Study: Draw a Life-size Whooping Crane
ICF Materials. Thank you!)
3rd-grader compares her arm span with a whooper's wingspan.
the tallest bird in North America? If you said Whooping crane, you're
right! Adult cranes are about 5 feet tall. How tall are you? See
you size up by drawing a life-size crane. You will compare human skeletons
and crane skeletons to figure out what measurements to use to draw
life-size crane. Work as a whole class or in small groups.
Length of paper 6 feet long
2. Tape measures and rulers
3. Marking pens or pencils
4. Color crayons (assorted colors)
5. Crane skeleton diagram
6. Human skeleton diagram
7. A human volunteer who is about 5 feet tall: the same height as an
adult Whooping crane.
the skeleton diagrams.
(Decide whether you want them larger. If so, enlarge them on a photocopier.)
Each group needs a set of the diagrams.
the upper arm bones in each skeleton diagram. Color them
red. Color the sternum in each skeleton green. Do this for all the
remainder of the labeled bones, using different colors for each of
the bones. How are the bones on the crane skeleton similar to the
bones on the human skeleton? How are they different? Did anything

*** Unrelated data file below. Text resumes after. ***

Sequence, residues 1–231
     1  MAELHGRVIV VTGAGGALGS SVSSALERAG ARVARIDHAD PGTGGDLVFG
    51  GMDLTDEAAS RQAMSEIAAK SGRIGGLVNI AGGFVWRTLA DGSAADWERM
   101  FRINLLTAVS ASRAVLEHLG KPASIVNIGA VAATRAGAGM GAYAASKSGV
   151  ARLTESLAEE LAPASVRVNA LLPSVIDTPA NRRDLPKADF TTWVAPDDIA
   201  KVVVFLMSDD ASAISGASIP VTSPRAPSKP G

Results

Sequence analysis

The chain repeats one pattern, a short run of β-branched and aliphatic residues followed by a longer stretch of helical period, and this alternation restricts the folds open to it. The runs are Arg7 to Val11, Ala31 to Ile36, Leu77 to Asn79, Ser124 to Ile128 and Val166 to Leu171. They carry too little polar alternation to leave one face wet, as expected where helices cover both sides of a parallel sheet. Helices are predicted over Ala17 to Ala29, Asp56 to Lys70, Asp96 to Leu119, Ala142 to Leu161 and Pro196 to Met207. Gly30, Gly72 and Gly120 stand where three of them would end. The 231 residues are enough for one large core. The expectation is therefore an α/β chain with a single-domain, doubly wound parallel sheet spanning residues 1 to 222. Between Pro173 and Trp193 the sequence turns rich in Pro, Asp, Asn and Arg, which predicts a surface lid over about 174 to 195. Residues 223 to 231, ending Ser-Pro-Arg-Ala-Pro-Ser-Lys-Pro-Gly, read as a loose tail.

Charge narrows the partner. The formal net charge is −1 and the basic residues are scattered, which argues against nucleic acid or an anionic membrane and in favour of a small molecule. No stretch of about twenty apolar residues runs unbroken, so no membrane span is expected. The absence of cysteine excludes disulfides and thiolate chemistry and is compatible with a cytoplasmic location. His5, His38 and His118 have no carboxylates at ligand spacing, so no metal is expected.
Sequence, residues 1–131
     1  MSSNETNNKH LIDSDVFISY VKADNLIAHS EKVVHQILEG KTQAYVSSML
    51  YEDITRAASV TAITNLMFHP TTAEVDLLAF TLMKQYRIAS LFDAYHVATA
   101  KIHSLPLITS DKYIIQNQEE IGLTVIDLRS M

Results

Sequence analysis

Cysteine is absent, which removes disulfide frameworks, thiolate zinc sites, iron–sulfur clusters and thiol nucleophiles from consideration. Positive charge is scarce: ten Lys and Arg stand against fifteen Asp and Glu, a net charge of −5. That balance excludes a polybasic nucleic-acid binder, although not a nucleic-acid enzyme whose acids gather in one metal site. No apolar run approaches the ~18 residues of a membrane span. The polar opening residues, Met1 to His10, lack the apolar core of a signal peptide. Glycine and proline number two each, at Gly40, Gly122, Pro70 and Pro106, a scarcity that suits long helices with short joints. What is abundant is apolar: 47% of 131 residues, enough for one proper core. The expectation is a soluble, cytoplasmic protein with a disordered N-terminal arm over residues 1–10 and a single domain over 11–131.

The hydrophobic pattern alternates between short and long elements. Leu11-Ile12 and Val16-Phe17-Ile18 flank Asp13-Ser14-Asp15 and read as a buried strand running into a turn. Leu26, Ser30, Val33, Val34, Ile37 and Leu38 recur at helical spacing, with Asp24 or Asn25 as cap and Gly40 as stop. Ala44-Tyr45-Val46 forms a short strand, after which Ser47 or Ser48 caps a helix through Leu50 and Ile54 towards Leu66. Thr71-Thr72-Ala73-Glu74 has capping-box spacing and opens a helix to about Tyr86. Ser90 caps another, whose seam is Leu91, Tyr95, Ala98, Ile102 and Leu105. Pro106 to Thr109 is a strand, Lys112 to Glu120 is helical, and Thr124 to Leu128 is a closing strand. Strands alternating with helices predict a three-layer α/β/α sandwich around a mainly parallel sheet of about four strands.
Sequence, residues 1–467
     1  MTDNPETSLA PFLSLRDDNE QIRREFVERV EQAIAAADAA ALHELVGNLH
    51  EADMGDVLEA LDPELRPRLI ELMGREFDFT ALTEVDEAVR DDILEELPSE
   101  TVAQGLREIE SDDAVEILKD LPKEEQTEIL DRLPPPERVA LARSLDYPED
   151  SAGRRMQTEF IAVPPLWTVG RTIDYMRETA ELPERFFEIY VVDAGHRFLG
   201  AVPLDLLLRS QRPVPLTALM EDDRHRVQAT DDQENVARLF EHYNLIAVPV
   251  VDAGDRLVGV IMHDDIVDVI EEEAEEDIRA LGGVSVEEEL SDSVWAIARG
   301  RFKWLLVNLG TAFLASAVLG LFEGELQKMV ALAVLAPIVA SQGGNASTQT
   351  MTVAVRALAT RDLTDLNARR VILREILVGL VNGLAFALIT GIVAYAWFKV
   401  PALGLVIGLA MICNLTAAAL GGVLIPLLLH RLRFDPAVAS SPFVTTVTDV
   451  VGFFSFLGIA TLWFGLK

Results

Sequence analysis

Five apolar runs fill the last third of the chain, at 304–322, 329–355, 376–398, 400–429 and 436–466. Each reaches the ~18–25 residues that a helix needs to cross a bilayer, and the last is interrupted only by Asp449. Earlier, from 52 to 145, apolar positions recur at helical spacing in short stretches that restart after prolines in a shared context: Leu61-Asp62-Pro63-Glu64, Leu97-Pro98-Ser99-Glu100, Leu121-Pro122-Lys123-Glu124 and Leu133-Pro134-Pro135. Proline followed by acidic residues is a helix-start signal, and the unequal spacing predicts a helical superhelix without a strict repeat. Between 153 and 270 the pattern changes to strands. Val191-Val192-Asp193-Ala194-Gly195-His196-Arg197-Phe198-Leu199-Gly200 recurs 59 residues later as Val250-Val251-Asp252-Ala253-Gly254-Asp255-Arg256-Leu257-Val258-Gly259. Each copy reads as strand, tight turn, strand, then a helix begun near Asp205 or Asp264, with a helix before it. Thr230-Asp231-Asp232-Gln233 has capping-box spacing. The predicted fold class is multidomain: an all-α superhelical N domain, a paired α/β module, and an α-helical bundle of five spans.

your 5-foot-tall volunteer to stand in front of the class.
Place your crane and human skeleton diagrams side by side, aligned
from head to toe. On your human model, measure the distance from the
floor to the top of the pelvis. Write this measurement by the bottom
of the neck on your crane skeleton. This tells you how tall your crane
should be from toes to "shoulders" where its neck begins.
Continue to take measurements from your human model that will help
you know how long to make the crane's foot, ankle, lower leg, knee,
upper arm, elbow, lower arm, and so on.
Next, mark a line at the bottom of your drawing paper for
your life-size crane to stand on. Mark a line 5 feet above
this line to show where the top of your crane's head will be. Then
mark a line to show where the crane's neck will start. Draw your
crane with the help of the other measurements you wrote on your crane
skeleton diagram. (You can draw your crane's wings outstretched or
long beak is about as long as half the length of the crane's neck.
This! Journal Question
and cranes have some of the same bones, but they are used for different
purposes. For example, how are the hand bones diffrerent on the
two skeletons? How do people use their hands and how do cranes use
their hands? What other comparisons can you make with other body
Science Education Standards
plant or animal has different structures that serve different functions
in growth, survival, reproduction.
systems at all levels of organization demonstrate the complementary
nature of structure and function.